There is a survival float in swimming called the “Dead Man’s Float” or the “Jellyfish.” The first time I was introduced to this float, was in middle school swim class. It is meant to be used when someone is trapped in a large body of water or has run out of energy to get to shore. In the midst of struggle and panic, the person is asked to float facing down and dangle their limbs. Slowly turning their face sideways, they draw a breath and hold it underwater until they need another breath. The idea is to remain calm, relax, and conserve energy (and oxygen) until someone comes to the aid of the swimmer or until they have renewed energy and can swim to shore.


While mastering this skill in swim class, I remember the instructor telling us that the more we fought it, the harder it would be. It was important to fully relax and just float. If we tried to come upright again, we would have to move in order to stay afloat. It was when we were horizontal that we were able to float without effort. It’s hard to do much but relax when we are horizontal, right? This exercise not only relaxes your body, but your mind as well.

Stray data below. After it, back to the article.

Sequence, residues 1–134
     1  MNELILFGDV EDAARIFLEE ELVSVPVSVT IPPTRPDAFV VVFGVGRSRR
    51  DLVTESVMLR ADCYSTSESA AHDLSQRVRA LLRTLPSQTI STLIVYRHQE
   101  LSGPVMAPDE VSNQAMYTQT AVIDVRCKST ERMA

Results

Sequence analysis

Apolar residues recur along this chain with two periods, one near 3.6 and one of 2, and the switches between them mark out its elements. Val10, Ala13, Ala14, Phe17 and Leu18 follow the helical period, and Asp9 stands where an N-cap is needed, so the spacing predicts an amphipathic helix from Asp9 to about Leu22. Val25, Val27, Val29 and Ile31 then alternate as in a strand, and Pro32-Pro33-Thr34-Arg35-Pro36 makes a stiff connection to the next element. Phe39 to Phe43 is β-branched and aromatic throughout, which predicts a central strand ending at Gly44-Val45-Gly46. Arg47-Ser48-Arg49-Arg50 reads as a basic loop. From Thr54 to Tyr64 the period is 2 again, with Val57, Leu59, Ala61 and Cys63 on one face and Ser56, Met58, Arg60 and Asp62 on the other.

I came to the point where I was forced to choose….continue fighting and sink to the bottom or relax into God and find life again. I married a wonderful man who accepted me exactly how I was but this is not what saved me. In fact, we continued to struggle with jobs, finances and connection. We were drowning.

It wasn’t until we came together, made a decision to change and trusted God – that things started to look up. We said, “Ok, God. I’ll rest in you. Even in the middle of the deep waters, exhausted and fighting for our lives – we will rest in you.” We moved across the country, far away from everything we ever knew and trusted that God had a plan.